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Required Sample Size (90%) | Required Sample Size (95%) | Tolerance Level |
1691 | 2401 | 2% |
752 | 1067 | 3% |
271 | 384 | 5% |
68 | 96 | 10% |
This table is designed to show the maximum sample size required at different levels of confidence given an assumed p= 0.5 and q=0.5 as discussed above.
The acceptable error, called tolerance in the table, is measured in plus or minus values from the actual proportion. For example, an acceptable error of 5% means that if the sample proportion was found to be 26 percent, the conclusion would be that the actual population proportion is between 21 and 31 percent with a 90 percent level of confidence if a sample of 271 had been taken. Likewise, if the acceptable error was set at 2%, then the population proportion would be between 24 and 28 percent with a 90 percent level of confidence, but would require that the sample size be increased from 271 to 1,691. If we wished a higher level of confidence, we would require a larger sample size. Moving from a 90 percent level of confidence of a 95 percent level at a plus or minus 5% tolerance requires changing the sample size from 271 to 384. A very common sample size often seen reported in political surveys is 384. With the survey results it is frequently stated that the results are good to a plus or minus 5% level of “accuracy”.
Suppose a mobile phone company wants to determine the current percentage of customers aged 50+ who use text messaging on their cell phones. How many customers aged 50+ should the company survey in order to be 90% confident that the estimated (sample) proportion is within three percentage points of the true population proportion of customers aged 50+ who use text messaging on their cell phones.
From the problem, we know that the acceptable error, e , is 0.03 (3%=0.03) and ${z}_{\frac{\alpha}{2}}$ z _{0.05} = 1.645 because the confidence level is 90%. The acceptable error, e , is the difference between the actual proportion p , and the sample proportion we expect to get from the sample.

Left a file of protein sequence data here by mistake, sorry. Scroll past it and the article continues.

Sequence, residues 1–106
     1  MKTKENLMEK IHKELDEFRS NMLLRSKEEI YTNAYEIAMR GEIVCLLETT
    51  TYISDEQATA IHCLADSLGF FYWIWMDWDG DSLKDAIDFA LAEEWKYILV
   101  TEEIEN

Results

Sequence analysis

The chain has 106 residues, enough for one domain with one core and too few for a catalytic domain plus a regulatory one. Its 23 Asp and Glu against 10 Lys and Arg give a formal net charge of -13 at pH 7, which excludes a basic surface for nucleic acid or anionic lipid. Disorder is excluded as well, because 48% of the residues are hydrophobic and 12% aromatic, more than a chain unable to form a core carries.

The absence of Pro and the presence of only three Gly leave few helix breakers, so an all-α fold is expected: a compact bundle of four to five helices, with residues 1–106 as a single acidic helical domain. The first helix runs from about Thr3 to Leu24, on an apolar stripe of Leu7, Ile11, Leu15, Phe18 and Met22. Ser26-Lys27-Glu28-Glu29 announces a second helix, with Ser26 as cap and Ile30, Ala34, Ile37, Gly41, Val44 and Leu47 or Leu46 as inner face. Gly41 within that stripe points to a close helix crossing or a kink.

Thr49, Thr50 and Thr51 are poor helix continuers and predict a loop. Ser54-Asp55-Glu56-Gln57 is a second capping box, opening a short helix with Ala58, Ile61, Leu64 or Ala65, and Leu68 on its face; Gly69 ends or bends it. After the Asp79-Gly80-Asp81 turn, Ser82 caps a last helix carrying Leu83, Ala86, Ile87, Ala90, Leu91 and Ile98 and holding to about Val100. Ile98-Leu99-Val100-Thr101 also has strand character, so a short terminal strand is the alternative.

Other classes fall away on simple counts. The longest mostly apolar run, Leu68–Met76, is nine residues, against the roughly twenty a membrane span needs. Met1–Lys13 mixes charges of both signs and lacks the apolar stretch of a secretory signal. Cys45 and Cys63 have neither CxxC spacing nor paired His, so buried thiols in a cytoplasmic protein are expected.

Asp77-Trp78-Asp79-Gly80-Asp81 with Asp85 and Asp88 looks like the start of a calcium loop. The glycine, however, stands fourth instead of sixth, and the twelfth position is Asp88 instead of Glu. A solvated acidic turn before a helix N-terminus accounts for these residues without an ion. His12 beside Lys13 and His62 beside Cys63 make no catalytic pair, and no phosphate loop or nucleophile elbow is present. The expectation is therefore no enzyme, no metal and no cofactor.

However, in order to find n , we need to know the estimated (sample) proportion p ′. Remember that q ′ = 1 – p ′. But, we do not know p ′ yet. Since we multiply p ′ and q ′ together, we make them both equal to 0.5 because p ′ q ′ = (0.5)(0.5) = 0.25 results in the largest possible product. (Try other products: (0.6)(0.4) = 0.24; (0.3)(0.7) = 0.21; (0.2)(0.8) = 0.16 and so on). The largest possible product gives us the largest n . This gives us a large enough sample so that we can be 90% confident that we are within three percentage points of the true population proportion. To calculate the sample size n , use the formula and make the substitutions.
$n=\frac{{z}^{2}{p}^{\prime}{q}^{\prime}}{{e}^{2}}$ gives $n=\frac{{1.645}^{2}(0.5)(0.5)}{{0.03}^{2}}=751.7$
Round the answer to the next higher value. The sample size should be 752 cell phone customers aged 50+ in order to be 90% confident that the estimated (sample) proportion is within three percentage points of the true population proportion of all customers aged 50+ who use text messaging on their cell phones.
Suppose an internet marketing company wants to determine the current percentage of customers who click on ads on their smartphones. How many customers should the company survey in order to be 90% confident that the estimated proportion is within five percentage points of the true population proportion of customers who click on ads on their smartphones?
271 customers should be surveyed.Check the Real Estate section in your local
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